by Thamiris
by Thamiris

God didn't love aliens.   Look at all the science fiction movies.   It was all bombs in their mother ships and splattered alien guts.   God never showed up, glowing and taller than a mountain, saying, "Harm not the space freaks, for they are not thine enemy."   Even the smart movies-guys thought killing them was cool.   Pete's cousin looked like Will Smith, who'd racked up more alien kills than just about anyone.    He had the same small head and sticky-out ears, and every time he visited, Clark always went out of his way to be very earth-boy, which meant talking about football and breasts.   Sometimes the aliens should win, sit down with the humans and have a picnic or something. 

Space was infinite, but Heaven wasn't, or Earth would be in it.   Hell, too.   Since Clark wasn't from Earth or Hell (he'd checked himself for triple-digit tattoos just to be safe), he worried that being born in some dark unsheltered corner of the universe meant slipping under God's radar.   Convenient when he lied to his parents or spied on Lana, not so good for things like forever.   Only another alien could understand, and in Smallville, you were either human or a mutant, and the mutants were fat-sucking vampires and old-man serial killers.   There was only one other exception. 

Lex had skin like vanilla ice cream and moved like he was melting.   He lived alone in a castle, the kind that should sit on a cloud, and when he talked to you, everyone melted but him.   People listened to him, but didn't always like him, a combination of that ice cream skin, too much money and the old rumors that still trickled in from Metropolis.   Also, Lex knew too much and reflected this back in his smile.   He kept his sense of humor a secret; you watched his eyes to find the joke.   Clark watched Lex's eyes a lot.

"Clark!"    His mother's voice floated up through the floor boards.   "Phone!   It's Lex."

He picked it up and flopped back on his bed.   A wrinkled shirt fell to the floor, landing in a pile, and the Sharks poster rustled on the wall behind him.   "Hi."

A click as the downstairs phone fell into the cradle.   Then, "Clark, you like aliens, right?"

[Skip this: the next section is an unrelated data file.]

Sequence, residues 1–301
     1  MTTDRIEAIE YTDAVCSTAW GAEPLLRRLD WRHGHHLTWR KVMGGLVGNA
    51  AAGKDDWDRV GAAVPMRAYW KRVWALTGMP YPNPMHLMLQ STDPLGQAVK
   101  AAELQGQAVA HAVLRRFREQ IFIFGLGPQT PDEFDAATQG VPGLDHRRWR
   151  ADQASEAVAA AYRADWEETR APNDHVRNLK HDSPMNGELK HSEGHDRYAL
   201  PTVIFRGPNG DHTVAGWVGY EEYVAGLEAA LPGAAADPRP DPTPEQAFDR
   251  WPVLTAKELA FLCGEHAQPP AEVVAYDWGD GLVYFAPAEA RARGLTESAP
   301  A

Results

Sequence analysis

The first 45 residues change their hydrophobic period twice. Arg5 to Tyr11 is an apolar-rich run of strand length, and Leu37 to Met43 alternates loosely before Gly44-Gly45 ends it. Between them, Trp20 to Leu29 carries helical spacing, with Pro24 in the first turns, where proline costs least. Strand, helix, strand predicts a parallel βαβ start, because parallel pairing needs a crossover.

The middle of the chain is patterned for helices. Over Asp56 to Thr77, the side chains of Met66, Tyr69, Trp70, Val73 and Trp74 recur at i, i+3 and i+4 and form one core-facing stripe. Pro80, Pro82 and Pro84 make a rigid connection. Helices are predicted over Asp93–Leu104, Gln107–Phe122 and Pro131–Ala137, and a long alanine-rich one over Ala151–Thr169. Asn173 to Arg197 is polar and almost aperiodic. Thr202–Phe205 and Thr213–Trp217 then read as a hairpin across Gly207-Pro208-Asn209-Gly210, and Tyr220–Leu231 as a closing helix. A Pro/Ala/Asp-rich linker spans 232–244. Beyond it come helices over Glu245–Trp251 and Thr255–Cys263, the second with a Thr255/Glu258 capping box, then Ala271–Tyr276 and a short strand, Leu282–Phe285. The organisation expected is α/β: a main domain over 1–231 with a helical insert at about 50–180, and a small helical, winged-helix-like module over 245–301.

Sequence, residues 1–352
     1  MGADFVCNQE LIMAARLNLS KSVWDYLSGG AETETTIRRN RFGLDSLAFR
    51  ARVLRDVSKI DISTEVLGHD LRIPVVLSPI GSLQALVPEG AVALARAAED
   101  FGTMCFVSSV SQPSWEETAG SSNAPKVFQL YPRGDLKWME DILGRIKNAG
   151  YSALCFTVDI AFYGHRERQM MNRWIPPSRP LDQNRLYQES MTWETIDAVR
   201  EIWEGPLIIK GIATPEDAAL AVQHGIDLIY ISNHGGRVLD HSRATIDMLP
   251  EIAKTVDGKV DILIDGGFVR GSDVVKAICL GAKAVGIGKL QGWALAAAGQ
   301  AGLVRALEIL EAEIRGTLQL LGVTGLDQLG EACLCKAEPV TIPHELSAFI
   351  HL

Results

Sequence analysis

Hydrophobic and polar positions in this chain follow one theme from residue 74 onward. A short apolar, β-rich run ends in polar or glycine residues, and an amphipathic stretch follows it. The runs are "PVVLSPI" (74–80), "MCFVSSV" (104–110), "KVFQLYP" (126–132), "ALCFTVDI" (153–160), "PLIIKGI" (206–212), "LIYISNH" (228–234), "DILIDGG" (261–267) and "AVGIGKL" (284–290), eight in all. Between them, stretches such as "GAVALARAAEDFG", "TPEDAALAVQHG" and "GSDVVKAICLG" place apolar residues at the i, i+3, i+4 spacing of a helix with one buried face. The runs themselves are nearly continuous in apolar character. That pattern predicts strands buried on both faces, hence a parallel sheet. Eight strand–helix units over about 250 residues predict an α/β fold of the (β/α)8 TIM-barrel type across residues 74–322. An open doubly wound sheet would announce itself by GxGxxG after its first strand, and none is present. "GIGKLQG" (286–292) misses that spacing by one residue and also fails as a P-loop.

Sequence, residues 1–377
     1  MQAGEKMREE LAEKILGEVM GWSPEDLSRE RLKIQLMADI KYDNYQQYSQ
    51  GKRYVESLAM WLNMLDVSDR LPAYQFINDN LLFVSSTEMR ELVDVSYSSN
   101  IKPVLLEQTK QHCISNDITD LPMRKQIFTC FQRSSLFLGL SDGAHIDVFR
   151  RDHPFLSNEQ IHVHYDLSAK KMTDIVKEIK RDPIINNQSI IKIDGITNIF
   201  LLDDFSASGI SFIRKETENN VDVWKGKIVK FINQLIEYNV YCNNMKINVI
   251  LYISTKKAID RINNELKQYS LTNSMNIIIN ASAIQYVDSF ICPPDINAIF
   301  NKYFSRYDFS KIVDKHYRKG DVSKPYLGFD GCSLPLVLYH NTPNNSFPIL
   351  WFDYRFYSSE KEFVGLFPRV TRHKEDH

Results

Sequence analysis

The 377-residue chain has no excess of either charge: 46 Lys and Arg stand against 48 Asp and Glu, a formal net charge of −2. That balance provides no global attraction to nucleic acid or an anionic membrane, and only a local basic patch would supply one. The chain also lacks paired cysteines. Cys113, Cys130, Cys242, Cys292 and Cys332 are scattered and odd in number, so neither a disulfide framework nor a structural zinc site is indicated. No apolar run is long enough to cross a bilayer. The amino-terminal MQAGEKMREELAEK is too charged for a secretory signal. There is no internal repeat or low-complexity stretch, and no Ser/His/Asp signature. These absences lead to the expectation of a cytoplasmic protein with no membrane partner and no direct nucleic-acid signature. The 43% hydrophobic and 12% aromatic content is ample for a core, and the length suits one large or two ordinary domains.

Lex wasn't psychic.   He just put pieces together, like the world was a puzzle. 


"You ever see Aliens?" 

"No one's seen any aliens, Lex.   They don't really exist."

Not a mean laugh.   Amused.   "No, I mean the movie.   With Sigourney Weaver.   The second one, where she goes back after fifty years to the plane, and it's been colonized."

"Once, a few years ago.   Pete rented it on Halloween."

"You saw it on tv?   Definitely a big-screen experience.   And you're in luck.   It's playing tonight at The Helicon.  I'll pick you up in twenty minutes."

"Okay.   See you then."   He hung up, put on a clean shirt, blue, because he'd once read that people trusted that color more than all the others, then went downstairs.   His mom was in the kitchen, making a pie.   Apple, and he stole one of the slices while she batted at his hand with her own floury one.   "I'm going to a movie with Lex.   I won't be home late.   Yes, my homework's done.   Yes, chores, too." 

"Is he coming here to get you?"

"He'll be here in a few minutes."   He leaned against the kitchen table, watching her hands move.   "You like him, right, Mom?"

Her hands slowed.   "I do, Clark.   I know some people think he's all about money, but I also think he's loyal to his friends.   He's certainly been good to you."

"Dad doesn't trust him."

"You know what your father's like when it comes to the Luthors.   And the fact that Lex could've killed you when he drove over the bridge--"

"That wasn't his fault.   There was this roll of wire on the road and--"

"I know," she said, and offered him another piece of apple.   "It was an accident.   You know, Clark, that night we were at Lex's house when Sean went crazy...Your dad was impressed with how Lex handled Lana and Whitney after the car accident."

"Just not so impressed with how Lex got him over there in the first place."

"Your dad likes things straight and clear.   Lex can be a little complicated."


"I know, Clark.   He means well.   It's just his methods sometimes..." 

"You said you liked him."

"I did.   I do.   I'd just be careful around him.   He's very charming, but--"

The car engine cut them off, and Clark grabbed his jacket.   "See you later."   He kissed her cheek, got a mouthful of red hair, and hurried out. 

Lex had his door open and one foot on the ground.   "I thought I'd say hi to your parents."

"Let's just get out of here."   The leather creaked as Clark settled back.   In a holder beside him, a cup from The Beanery wafted cinnamon-sweetened coffee.   "Is that where you called me from?"

"The coffee shop?"   At his nod, the engine started, like Lex was a key.   "I was doing some work there, got bored, and started flipping through a program for The Helicon.   The rest is history.   So, is everything back to normal?"